Between 2006 and 2022, “Christian nationalism” was primarily used by critics to describe Americans who conflate God and country and who are racist, sexist, and, generally, deplorable. So, of course, combative Christians including Marjorie Taylor Greene, Douglas Wilson, and Andrew Torba decided to embrace the label in 2022. They have now been joined by a provocative scholar who purports to make the case for Christian nationalism.  

Readers hoping for a practical manifesto will be disappointed by Stephen Wolfe’s intellectually serious book. Wolfe is a committed Calvinist who earned a Ph.D. in political science. His book’s first nine chapters contain a detailed discussion of Reformed political philosophy, mostly based on 16th and 17th century authors (17). Wolfe proceeds on the assumption that the Reformed theological tradition is true, and so makes “little effort” to make biblical or more broadly theological arguments to support it (16). Instead, he engages in depth with the works of giants of the Reformed tradition including John Calvin, Francis Turretin, Johannes Althusius, Franciscus Junius, and English/American Puritans.  

Literally minutes before I started writing this review, I checked my Twitter feed and found Providence’s own Mark Tooley observing that a “Methodist friend said he read 20 pages [of Wolfe’s book] & stopped when realizing [the] book is aimed only at Reformed [Christians].”  This makes a great deal of sense. Unless one assumes the truth of Reformed theology, there is little reason to read this work. Wolfe’s understanding of Reformed theology permits him to reason from nature to some conclusions, but it is fair to say that his project will be of interest to only Calvinists.  

I am sympathetic to Reformed theology, so I read past page 20. It seems to me that Wolfe offers a reasonable account of basic Reformed doctrines such as Creation, Fall, and Redemption. But not all Calvinists agree; several have already taken him to task for misunderstanding the tradition with respect to these important doctrines. Rather than wade into this debate, I’ll focus on some of Wolfe’s more practical conclusions that may be of interest to readers concerned about American Christian nationalism.  

The title of Wolfe’s book and the image on the front cover strongly suggests that his project involves bringing Christian nationalism to the United States of America, but the interior of his 478-page tome tells a very different story. Indeed, America hardly comes up in the first nine chapters, and much of what he writes could be applied to any Christian (by which he means Protestant) nation.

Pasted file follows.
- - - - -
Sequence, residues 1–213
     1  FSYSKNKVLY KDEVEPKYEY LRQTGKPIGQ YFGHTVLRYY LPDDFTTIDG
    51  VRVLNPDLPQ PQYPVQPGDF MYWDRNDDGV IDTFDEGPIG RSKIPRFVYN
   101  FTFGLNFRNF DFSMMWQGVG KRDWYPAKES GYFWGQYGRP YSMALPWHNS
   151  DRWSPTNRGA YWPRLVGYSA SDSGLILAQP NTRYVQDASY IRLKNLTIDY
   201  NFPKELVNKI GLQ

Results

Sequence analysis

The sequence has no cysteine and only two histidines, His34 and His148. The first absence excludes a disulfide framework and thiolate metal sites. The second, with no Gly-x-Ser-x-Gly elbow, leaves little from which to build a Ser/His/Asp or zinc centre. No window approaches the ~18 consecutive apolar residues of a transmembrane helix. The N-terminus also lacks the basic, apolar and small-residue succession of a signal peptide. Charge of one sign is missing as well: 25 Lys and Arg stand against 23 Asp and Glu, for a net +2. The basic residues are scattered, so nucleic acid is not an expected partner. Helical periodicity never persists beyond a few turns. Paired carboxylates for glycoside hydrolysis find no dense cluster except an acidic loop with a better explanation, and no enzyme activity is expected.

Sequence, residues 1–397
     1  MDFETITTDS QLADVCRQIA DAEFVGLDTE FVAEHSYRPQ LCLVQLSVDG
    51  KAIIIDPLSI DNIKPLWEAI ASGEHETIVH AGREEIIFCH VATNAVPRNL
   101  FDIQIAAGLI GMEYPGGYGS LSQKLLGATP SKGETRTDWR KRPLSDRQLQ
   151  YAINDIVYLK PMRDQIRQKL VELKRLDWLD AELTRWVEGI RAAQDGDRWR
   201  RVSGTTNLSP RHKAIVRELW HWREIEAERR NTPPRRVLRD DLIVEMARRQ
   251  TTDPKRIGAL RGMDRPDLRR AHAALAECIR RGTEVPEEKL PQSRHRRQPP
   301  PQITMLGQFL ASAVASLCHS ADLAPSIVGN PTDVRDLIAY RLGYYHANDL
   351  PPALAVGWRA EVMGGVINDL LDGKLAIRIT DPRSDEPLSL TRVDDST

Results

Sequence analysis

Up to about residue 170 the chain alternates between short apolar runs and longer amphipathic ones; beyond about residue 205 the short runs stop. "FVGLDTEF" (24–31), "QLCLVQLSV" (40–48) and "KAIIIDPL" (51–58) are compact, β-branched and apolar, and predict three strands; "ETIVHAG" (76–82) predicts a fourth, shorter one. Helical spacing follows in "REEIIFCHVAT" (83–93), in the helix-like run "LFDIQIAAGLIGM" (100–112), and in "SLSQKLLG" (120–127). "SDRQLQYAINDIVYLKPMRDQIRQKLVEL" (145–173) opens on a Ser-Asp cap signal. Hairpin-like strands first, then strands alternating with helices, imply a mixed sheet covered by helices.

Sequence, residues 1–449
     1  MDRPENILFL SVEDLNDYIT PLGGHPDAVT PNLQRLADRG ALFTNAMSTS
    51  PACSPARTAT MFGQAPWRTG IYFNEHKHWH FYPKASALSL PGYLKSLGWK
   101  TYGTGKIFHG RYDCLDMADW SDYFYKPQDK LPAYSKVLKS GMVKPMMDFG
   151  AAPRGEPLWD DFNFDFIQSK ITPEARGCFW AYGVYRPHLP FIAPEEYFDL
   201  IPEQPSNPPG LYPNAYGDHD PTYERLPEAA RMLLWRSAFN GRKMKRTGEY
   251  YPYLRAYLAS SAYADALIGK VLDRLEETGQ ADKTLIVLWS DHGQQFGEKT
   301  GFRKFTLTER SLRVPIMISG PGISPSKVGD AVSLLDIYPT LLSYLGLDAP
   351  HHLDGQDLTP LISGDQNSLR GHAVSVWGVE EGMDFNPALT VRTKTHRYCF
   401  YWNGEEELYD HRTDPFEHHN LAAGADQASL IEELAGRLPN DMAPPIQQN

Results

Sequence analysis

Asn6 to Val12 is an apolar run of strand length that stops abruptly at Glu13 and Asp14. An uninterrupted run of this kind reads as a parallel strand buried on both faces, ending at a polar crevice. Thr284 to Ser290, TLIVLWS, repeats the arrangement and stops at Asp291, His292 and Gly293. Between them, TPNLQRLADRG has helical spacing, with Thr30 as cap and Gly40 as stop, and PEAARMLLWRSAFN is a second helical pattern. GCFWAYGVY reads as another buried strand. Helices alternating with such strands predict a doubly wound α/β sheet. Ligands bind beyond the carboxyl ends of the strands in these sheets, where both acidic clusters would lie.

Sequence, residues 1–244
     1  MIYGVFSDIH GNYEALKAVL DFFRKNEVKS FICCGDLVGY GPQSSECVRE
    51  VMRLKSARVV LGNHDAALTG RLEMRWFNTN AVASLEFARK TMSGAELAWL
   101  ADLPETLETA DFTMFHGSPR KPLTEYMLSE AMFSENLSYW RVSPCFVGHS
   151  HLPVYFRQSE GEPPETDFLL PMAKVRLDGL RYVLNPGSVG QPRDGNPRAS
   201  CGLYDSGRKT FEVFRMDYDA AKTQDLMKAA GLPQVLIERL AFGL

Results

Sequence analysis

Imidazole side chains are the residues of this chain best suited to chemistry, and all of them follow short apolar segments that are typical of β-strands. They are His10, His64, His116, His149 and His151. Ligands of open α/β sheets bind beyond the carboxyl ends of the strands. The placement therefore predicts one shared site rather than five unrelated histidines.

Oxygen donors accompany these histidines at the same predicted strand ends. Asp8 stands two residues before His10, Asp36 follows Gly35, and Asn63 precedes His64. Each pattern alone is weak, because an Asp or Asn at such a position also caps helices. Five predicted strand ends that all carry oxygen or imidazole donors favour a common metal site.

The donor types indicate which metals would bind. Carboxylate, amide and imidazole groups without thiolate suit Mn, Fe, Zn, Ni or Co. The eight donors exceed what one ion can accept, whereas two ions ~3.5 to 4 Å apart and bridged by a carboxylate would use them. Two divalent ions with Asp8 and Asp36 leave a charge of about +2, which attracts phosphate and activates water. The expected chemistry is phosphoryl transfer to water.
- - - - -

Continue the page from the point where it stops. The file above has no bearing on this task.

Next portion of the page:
Wolfe defines “nation” as a small people-group whose members have a great deal in common including language, shared values, and a sense of place (135-145). Moreover, he explains that

I use the terms ethnicity and nation almost synonymously, though I use the former to emphasize the particular features that distinguish one people-group from another. Since every people-group has internal differences (e.g., class-based differences), nation is used to emphasize the unity of the whole, though no nation (properly speaking) is composed of two or more ethnicities (135) [all italics in quotations are in the original].

Wolfe’s idiosyncratic use of “ethnicity,” along with references to “blood relations,” “the volk,” “community in blood,” “the principle of similarity,” and the like have, predictably, raised eyebrows (138, 139, 140, 141). But the careful reader will recall that in a footnote on page 119, he assures us that his is “not a ‘white nationalist’ argument” (119). Wolfe clearly enjoys being provocative, but in light of sixteen years of polemical works describing American Christian nationalism as a racist movement, he should have been more prudent when discussing such matters. There should be no ambiguity when it comes to racism. 

Wolfe is not ambiguous when it comes to gender. He contends that “the most basic unit [of a nation] is not individuals but teams of husband and wife” (57). Within these teams, the “man governs the household, orienting it to the divine mission he received from God, which he is responsible to see fulfilled” (58). As such, “the public signaling of political interests (whether through voting or other mechanisms) would be conducted by men, for they represent their households and everyone in it” (73).